• as for the score which looks like (right now) is at 0, I asked that Q because I've seen it drop below multiple times but never go above. but thanks for the reassurance
    – ccchoy
    Nov 4, 2022 at 20:13
  • 3
    One thing to bear in mind is that on a site for learners the OP is likely not to understand the finer nuances of English and so their tags may turn out to be based on a misunderstanding.
    – mdewey
    Nov 5, 2022 at 11:31
  • Linguistically or semantically, slang and colloquial usage and idioms are simply not the same thing. However, the problem in your original question was the lack of research.
    – Lambie
    Nov 5, 2022 at 16:24
  • @Lambie Are you saying that the original Q on the main site lacked research? That was asked by Marah Elwani who has not posted on this meta thread. If you mean the original question of this thread, meta questions do not need to show research. As to your statement, idioms are not at all the same as either slang or colloquial language, but the latter two are often used in quite similar ways. Nov 6, 2022 at 0:33
  • @ccchoy With my magic X-ray goggles, I can see that the total votes on the question are currently 2 up and 1 down = net +1. You're right, you don't have to be an expert in anything to post here. +8 votes on a non-HNQ answer and top-voted answer is pretty darn good, all the more for a relative newbie. It's clear to me the people have made their choice.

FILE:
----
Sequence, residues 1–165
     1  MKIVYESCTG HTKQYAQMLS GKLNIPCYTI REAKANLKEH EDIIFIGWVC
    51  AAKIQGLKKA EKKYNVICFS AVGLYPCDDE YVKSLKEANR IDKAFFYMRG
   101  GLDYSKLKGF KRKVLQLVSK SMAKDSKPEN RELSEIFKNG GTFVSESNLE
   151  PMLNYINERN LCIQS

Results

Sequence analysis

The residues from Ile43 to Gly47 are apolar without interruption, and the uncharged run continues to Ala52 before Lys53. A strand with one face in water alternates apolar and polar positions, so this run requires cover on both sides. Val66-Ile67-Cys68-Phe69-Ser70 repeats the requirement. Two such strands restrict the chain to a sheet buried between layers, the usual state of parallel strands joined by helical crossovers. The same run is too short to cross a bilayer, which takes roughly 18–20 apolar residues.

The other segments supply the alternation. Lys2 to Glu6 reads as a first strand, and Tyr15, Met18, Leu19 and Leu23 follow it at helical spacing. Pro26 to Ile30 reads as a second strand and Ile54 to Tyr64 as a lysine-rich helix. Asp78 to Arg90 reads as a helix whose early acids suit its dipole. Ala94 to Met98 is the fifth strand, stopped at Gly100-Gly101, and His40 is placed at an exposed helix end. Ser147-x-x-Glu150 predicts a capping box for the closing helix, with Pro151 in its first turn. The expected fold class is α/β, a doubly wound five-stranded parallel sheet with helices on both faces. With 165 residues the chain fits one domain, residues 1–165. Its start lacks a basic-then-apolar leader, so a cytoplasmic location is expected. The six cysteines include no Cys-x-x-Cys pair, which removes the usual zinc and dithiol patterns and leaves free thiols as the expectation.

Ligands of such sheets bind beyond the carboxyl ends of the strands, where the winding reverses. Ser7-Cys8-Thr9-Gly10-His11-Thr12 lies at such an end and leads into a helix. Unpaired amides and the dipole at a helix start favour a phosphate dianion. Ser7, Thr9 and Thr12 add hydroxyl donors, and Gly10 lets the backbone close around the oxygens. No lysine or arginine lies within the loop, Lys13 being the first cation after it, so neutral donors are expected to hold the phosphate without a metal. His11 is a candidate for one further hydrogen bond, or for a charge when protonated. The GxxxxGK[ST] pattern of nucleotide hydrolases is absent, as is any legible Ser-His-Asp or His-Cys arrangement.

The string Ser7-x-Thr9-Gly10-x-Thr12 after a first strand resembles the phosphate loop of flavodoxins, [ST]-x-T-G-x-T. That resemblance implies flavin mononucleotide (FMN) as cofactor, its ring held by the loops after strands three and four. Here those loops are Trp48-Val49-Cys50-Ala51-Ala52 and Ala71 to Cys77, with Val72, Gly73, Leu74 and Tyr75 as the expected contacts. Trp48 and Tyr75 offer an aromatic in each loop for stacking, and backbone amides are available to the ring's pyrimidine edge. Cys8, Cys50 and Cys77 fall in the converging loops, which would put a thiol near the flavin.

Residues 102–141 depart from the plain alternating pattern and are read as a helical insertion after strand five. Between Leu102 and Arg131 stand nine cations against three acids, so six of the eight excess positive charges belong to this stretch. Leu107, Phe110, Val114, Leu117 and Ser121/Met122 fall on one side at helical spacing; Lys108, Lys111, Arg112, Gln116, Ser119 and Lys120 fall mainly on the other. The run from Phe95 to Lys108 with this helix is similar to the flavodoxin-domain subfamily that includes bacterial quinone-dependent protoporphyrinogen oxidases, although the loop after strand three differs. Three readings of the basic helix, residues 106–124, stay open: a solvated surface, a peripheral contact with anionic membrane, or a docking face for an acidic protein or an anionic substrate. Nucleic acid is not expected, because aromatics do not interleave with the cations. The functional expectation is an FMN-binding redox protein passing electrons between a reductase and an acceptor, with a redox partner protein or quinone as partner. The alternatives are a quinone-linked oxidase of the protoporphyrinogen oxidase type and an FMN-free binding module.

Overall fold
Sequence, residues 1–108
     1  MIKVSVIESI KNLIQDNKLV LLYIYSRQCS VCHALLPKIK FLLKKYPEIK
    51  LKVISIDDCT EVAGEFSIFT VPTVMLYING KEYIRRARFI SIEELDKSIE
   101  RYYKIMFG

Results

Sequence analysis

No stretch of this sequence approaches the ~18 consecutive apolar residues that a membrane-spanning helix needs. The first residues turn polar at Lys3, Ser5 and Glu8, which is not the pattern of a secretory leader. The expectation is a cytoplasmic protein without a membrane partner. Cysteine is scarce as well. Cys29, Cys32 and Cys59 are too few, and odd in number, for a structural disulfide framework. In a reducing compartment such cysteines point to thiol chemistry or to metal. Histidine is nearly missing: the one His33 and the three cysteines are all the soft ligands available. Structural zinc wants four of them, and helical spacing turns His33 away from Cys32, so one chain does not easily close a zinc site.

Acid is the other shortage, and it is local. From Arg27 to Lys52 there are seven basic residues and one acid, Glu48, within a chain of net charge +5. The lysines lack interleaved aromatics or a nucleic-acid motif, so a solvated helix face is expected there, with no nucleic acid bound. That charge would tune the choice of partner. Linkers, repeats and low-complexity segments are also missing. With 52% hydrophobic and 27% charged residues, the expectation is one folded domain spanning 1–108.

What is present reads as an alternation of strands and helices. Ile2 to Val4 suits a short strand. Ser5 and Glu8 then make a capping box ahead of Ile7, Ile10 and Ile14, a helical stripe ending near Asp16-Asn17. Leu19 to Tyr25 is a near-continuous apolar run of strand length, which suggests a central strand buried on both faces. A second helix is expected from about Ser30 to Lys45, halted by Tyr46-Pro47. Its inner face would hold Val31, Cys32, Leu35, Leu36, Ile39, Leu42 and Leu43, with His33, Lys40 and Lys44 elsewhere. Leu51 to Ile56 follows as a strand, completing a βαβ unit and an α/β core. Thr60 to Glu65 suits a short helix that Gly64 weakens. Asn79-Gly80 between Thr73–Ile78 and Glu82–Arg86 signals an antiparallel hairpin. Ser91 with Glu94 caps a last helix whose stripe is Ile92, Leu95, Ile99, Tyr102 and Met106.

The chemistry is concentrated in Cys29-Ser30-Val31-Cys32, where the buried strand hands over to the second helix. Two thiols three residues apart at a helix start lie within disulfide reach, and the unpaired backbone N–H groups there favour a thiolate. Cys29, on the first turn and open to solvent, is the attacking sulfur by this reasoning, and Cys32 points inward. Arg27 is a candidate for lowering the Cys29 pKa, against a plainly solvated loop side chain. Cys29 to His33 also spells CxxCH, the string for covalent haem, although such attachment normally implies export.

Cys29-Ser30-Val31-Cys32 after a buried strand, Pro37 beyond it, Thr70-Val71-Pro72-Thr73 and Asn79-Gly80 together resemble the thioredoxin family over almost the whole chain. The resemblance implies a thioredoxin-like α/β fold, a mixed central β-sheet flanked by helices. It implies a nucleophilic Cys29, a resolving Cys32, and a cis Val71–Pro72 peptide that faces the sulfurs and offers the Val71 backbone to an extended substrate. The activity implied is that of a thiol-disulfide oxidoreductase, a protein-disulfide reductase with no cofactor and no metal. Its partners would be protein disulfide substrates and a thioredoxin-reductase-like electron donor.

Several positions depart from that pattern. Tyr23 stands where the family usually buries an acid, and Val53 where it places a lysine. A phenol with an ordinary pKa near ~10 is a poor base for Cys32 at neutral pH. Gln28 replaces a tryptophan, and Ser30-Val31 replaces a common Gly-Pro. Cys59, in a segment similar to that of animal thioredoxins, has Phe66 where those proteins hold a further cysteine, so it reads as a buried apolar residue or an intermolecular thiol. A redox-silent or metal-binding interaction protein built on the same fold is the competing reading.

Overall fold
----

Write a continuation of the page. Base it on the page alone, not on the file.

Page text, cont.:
– gotube Mod
    Nov 6, 2022 at 7:18
  • @DavidSiegel Yes, original question means the non-Meta question. The question that appeared in ELL. And yes, there was no research that Marah Elwani.
    – Lambie
    Nov 7, 2022 at 17:10

1 Answer 1


Does it matter really? Tags (and terms used in posts) are there to help people find posts that might be relevant to something they're searching for, not to precisely define the content of them. If a learner might conflate "colloquial" with "slang" then replacing with actually makes it harder for them to find answers.

While it is worthwhile to re-read a post to see if there is anything you want to change to address feedback you've gotten, it's OK to decide that feedback doesn't merit a change to your answer. If you feel the back and forth in the comments isn't productive, well, it takes two to tango. You are not obligated to keep arguing until someone agrees with you.

It's easy to get caught up, so if you realize you've gotten a little off track, you can always ask for a moderator's help to either move the discussion to a chat room if you want to keep discussing it, or pare down the comments to just the most constructive points by flagging one of the comments and explaining the situation.

  • The discussion on the original question I think came from me. Everybody kept saying it was slang and I disagreed as the expression existed in the language long before being picked up by the twitterverse et alia. My objection was not to the poster's use of the word but those posting answers who insisted it was.. So...
    – Lambie
    Nov 7, 2022 at 17:14
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    @Lambie: If you disagree with an answer, leave a comment (on the answer, not the question), downvote it, and move on, or write your own answer. The question comments are not for general "everyone else is wrong about this" complaints, as the author of the question is unable to address such complaints.
    – Kevin
    Nov 12, 2022 at 7:20